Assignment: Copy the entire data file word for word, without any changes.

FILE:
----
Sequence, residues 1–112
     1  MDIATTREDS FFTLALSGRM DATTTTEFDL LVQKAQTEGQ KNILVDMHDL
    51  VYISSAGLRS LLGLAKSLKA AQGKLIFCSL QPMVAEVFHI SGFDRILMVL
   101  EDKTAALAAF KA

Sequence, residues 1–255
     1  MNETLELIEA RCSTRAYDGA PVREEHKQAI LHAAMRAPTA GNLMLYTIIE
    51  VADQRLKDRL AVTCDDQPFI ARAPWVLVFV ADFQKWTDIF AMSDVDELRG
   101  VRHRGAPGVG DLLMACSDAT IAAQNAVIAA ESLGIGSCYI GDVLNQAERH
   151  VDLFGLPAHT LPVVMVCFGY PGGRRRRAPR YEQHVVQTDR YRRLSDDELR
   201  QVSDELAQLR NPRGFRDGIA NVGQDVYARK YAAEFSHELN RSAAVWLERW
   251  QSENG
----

Sequence, residues 1–112
     1  MDIATTREDS FFTLALSGRM DATTTTEFDL LVQKAQTEGQ KNILVDMHDL
    51  VYISSAGLRS LLGLAKSLKA AQGKLIFCSL QPMVAEVFHI SGFDRILMVL
   101  EDKTAALAAF KA

Sequence, residues 1–255
     1  MNETLELIEA RCSTRAYDGA PVREEHKQAI LHAAMRAPTA GNLMLYTIIE
    51  VADQRLKDRL AVTCDDQPFI ARAPWVLVFV ADFQKWTDIF AMSDVDELRG
   101  VRHRGAPGVG DLLMACSDAT IAAQNAVIAA ESLGIGSCYI GDVLNQAERH
   151  VDLFGLPAHT LPVVMVCFGY PGGRRRRAPR YEQHVVQTDR YRRLSDDELR
   201  QVSDELAQLR NPRGFRDGIA NVGQDVYARK YAAEFSHELN RSAAVWLERW
   251  QSENG